Killer. Crabs. What more do I need to say?
Clickers, the first novel by J.F. Gonzalez and co-written with Mark Williams, is a fun B-movie style creature feature. It's high on entertainment and gore, making it a breezy read and, despite the story's October setting, it's a terrific summer beach read (unless you see some crabs...).
Ultimately, I dug this book overall, but I did have a few qualms about the story. The characters are paper-thin, and our lead protag, horror author Rick, is about a boring as they come. That he is a long-haired horror writer is the extent of depth the authors can muster, which is not exactly the most compelling stuff in the world. The writing is decent, but could have been improved a fair deal with some better editing. There's a lot of repetition throughout: in one instance, I caught five instances of "again" in the span of two paragraphs. In one sentence, Rick stood and stood on the tips of his toes. Several characters are "zapped" of energy or motivation in multiple instances. According to the intro by Gonzalez, this version is editorially an improvement over past editions from other publishers, so I guess I'll count my blessings that I bought this Deadite Press re-issue instead of one of those earlier copies.
Clickers also has its fair share of cliches. Take, for instance, the horror writer trapped in a "real-life" horror story, the small-town hick deputy sheriff who makes Barney Fife look like a Mensa member, and the old doctor with all the answers. I actually liked this latter character, though, and he provides some neat-o exposition. The rest are pretty poorly drawn stock characters, but I get that the authors were going for that B-movie vibe. It's the monsters that are the most important part here, and the humans are secondary at best. This is a bit of a shame, though, as once the carnage gets going, there isn't really any reason to care for the losses.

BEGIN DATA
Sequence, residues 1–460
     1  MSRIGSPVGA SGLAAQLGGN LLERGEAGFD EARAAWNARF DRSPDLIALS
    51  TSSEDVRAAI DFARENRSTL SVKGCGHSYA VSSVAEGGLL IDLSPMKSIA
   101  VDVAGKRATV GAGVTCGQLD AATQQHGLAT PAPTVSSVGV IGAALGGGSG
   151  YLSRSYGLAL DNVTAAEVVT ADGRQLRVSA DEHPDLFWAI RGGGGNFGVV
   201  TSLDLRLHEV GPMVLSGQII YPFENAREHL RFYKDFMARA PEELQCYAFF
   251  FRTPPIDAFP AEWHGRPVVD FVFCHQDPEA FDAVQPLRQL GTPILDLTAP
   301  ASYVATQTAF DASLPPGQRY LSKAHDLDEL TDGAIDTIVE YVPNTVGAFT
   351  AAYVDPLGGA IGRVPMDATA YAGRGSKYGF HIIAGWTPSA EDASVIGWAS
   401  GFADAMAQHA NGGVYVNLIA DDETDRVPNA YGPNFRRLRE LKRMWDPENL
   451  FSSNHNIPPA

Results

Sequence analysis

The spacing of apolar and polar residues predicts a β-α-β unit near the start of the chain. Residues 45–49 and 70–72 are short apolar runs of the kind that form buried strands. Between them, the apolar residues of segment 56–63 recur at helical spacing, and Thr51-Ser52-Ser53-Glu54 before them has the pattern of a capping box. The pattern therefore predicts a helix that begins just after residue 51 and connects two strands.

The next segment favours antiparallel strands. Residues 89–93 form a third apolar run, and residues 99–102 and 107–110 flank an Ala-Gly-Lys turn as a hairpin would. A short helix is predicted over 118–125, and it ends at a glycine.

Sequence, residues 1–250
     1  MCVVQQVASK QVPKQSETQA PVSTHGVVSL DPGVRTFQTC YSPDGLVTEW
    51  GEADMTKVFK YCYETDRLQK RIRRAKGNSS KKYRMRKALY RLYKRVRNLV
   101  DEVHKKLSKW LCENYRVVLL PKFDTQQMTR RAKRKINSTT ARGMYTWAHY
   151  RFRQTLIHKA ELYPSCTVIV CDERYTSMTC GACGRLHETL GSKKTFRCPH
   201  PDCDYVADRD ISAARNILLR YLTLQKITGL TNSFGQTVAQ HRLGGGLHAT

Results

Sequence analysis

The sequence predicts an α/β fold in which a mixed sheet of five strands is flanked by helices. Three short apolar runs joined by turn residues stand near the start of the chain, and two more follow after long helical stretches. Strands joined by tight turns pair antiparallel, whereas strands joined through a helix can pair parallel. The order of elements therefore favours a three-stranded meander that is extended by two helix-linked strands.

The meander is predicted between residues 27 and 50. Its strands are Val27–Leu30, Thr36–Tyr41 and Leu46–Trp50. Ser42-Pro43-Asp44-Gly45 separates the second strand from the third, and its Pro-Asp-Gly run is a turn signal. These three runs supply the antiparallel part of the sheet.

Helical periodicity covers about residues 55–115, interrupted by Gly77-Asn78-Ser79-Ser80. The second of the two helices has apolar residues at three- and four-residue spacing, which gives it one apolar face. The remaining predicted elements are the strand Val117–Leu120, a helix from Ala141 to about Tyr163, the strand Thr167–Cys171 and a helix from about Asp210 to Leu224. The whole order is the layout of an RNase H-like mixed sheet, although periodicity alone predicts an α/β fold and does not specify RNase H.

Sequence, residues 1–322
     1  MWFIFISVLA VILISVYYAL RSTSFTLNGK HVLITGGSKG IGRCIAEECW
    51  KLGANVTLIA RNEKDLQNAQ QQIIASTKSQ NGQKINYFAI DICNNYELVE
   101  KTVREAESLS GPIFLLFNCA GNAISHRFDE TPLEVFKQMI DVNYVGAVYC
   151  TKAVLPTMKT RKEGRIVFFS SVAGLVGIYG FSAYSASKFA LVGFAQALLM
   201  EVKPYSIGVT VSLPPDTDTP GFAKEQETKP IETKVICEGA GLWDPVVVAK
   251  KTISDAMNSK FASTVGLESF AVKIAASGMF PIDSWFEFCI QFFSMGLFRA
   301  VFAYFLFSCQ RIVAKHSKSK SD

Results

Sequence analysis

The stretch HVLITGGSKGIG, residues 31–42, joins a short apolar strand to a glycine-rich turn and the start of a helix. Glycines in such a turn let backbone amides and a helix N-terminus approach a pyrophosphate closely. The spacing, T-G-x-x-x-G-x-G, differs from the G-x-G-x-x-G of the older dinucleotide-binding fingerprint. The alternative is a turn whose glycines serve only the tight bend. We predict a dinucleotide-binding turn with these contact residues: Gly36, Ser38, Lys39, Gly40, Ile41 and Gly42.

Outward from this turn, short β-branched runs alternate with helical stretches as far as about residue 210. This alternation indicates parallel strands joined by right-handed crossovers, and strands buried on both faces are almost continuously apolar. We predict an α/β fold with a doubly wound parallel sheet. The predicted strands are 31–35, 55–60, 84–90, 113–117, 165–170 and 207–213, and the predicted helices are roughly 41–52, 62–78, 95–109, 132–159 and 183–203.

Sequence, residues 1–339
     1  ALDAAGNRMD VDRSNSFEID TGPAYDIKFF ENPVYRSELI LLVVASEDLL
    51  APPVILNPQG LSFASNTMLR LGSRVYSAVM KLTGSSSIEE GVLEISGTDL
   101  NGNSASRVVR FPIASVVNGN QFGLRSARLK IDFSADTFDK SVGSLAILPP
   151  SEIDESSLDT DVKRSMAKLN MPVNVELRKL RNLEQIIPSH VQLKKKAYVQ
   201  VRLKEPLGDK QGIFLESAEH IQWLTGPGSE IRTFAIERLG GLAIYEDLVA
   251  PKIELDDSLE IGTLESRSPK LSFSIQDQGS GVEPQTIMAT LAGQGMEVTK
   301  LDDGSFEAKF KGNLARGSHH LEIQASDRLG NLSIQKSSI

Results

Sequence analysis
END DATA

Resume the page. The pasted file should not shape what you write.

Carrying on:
So, yeah, there's a lot of First Novel Flaws, but, frankly, Clickers gets by on sheer chutzpah and I can forgive a fair amount if I'm at least entertained. And holy crap, was I ever entertained. The gore-to-page count ratio is pretty satisfying, and I loved the hell out of the killer crab concept. I'm a sucker for these 'terror from the deep' kind of horrors, and Gonzalez and Williams deliver on that front in spades. I had fun with this book, so much so that I finished Clickers last night and started Clickers II: The Next Wave this morning.
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